The emergence of new technology, new ways of doing business, and young professionals making waves in the accounting industry has upended the way accounting firms are developed and managed. Firms that can provide a differentiated value – beyond traditional compliance services – will have the upper hand as the industry continues to revolutionize. Having said that, CPAs and entrepreneurs have a unique opportunity to reinvent their firms or build a firm from the ground up, which is significantly different from and more valuable than the competition.
Shift Towards Specialization
One of the most significant changes I’ve seen with accounting firms is identifying and targeting a niche market. What clients aren’t getting from large full-service firms, they are finding in small, specialty ones. This observation is what ultimately led me to start my e-commerce accounting firm, E-Commerce Accountants.
Most private practice CPAs take on any and all clients without regard to the type of individual and/or business. However, my business is hyper-focused on the skills and tax services that e-commerce businesses specifically need. Having a niche approach makes us a more valuable resource to our targeted clients (which are online retailers).
The new age of accounting firms needs to understand that every industry has accounting nuances and methods that need to be personalized and tailored.
Having a grasp on these distinctions and focusing on one specialty area will make your firm more beneficial to your clients. So, what works for my business?
Virtual Business Operation
Before COVID-19 made work from home the new normal, the foundation of my firm has always been a ‘work from home’ operation. Everyone in my company works remotely, which I knew from the start, was where the future of work was headed. The pandemic just so happened to accelerate the move, with major corporations like Twitter, announcing employees can work from home permanently.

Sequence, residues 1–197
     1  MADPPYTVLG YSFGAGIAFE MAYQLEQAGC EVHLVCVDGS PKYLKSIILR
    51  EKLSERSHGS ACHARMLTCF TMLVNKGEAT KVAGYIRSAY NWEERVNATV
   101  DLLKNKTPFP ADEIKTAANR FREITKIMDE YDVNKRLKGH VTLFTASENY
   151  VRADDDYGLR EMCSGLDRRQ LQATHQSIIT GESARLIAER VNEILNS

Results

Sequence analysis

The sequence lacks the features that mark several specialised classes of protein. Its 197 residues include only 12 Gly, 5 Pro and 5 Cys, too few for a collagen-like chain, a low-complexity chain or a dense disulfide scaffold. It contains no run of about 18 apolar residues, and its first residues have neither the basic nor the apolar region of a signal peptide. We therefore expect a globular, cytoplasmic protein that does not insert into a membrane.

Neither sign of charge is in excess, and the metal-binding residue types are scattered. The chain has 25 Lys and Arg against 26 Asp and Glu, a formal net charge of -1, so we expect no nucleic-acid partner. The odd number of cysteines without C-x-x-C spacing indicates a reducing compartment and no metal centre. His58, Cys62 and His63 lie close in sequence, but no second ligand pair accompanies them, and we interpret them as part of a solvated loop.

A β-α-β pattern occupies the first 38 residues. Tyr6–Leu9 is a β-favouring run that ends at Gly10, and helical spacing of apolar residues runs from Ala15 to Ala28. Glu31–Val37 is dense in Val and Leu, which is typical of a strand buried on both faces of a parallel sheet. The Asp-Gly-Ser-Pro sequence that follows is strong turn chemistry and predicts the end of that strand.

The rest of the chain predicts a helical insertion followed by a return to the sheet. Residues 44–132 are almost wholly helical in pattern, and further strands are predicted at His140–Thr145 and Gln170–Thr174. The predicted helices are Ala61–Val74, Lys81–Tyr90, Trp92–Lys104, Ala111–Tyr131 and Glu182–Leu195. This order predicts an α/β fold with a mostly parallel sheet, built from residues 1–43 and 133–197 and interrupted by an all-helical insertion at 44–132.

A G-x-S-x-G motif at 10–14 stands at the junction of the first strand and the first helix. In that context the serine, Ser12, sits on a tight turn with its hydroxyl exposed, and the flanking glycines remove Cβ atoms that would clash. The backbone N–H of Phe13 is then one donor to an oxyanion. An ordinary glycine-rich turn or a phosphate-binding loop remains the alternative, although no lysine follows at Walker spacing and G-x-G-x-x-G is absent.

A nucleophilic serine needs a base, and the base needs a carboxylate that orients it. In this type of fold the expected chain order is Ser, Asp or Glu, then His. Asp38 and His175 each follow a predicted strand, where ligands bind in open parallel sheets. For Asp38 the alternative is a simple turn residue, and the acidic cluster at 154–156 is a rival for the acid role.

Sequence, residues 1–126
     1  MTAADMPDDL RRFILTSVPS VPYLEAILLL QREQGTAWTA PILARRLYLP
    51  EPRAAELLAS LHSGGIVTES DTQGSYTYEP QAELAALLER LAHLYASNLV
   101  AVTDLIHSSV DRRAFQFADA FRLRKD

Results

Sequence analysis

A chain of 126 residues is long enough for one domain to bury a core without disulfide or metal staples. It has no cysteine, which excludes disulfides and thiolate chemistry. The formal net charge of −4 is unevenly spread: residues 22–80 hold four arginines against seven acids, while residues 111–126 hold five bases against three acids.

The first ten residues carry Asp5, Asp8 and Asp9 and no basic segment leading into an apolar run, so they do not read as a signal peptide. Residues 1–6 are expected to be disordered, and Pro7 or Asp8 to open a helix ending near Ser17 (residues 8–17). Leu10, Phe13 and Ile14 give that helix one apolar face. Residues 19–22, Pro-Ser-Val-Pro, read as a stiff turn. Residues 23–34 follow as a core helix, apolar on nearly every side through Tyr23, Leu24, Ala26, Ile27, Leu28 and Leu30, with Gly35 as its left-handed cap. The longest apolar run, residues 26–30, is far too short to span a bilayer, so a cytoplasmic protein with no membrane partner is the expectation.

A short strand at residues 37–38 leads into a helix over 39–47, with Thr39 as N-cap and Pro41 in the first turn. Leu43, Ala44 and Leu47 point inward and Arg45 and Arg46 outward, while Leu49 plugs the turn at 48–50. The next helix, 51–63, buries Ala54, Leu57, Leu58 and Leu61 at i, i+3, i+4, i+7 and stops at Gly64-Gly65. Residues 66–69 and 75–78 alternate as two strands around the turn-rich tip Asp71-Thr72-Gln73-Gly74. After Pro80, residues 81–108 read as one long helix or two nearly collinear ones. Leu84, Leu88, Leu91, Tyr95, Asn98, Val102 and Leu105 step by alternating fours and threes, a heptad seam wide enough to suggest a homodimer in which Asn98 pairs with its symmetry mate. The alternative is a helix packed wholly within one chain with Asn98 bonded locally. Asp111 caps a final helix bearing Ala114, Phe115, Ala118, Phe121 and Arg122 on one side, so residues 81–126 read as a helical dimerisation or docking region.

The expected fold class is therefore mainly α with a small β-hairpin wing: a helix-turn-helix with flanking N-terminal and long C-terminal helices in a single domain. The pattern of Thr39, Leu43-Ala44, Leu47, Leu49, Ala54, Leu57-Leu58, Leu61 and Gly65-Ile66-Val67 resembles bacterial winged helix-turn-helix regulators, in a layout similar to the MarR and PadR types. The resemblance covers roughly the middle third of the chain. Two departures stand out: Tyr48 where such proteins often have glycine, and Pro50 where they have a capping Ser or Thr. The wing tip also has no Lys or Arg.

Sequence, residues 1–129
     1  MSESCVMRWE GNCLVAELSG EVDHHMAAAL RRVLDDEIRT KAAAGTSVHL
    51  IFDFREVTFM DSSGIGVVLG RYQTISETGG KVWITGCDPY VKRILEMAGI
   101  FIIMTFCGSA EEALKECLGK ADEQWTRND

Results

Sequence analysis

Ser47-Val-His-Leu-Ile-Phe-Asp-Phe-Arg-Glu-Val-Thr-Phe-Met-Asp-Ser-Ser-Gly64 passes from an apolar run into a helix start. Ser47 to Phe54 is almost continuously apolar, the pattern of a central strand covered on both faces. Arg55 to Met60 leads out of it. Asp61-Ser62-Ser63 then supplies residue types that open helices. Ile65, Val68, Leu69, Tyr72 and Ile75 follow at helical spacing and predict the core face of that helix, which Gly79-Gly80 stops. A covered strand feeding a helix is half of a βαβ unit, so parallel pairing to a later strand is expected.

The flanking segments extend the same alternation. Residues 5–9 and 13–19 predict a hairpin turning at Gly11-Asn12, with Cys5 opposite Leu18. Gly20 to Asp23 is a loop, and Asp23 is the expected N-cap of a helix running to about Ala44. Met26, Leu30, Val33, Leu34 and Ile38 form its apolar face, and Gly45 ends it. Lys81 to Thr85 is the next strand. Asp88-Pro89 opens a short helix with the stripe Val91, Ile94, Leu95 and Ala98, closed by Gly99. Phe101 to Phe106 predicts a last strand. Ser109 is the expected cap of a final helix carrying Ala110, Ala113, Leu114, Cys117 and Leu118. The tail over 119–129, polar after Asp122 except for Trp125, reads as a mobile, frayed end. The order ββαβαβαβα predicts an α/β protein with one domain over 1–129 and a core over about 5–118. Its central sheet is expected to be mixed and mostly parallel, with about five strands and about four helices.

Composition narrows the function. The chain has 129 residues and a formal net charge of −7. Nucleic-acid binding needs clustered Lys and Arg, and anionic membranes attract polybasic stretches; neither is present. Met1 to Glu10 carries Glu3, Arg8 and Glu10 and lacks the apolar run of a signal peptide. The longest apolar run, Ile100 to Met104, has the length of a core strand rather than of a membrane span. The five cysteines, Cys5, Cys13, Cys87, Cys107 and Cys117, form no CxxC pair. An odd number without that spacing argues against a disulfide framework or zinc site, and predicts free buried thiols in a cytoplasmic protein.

Instead of finding someone locally for a position, I’d rather seek out talent that’s the perfect fit for the role, no matter where they are physically located. Many people may be hesitant to move for a job, but the way I see it, they shouldn’t have to pick up their lives when quality work can be done remotely. I’ve found that most of the e-commerce companies we work with also love this model because we work in the same type of environment that they do.
Most private practice CPAs run a “drop off” service business, which I predict is on the decline moving forward. Speaking to your clients once a year during tax seasons, or even worse, when an issue arises, is not the traditional approach anymore.
Accounting firms add more genuine value to clients when they are having an ongoing dialogue (e.g. monthly check-in meetings). It’s important to ensure that you’re consistently speaking, maintaining relationships, and developing accounting/tax planning strategies for clients.
Perhaps one of the most important aspects of running a successful service business is the ability to build and maintain personal relationships. The reality is that competition is fierce as it pertains to providing a quality service. Competitors can likely provide the same quality service, with similar prices, but building personal relationships with your clients makes all the difference when it comes to them choosing who to work with.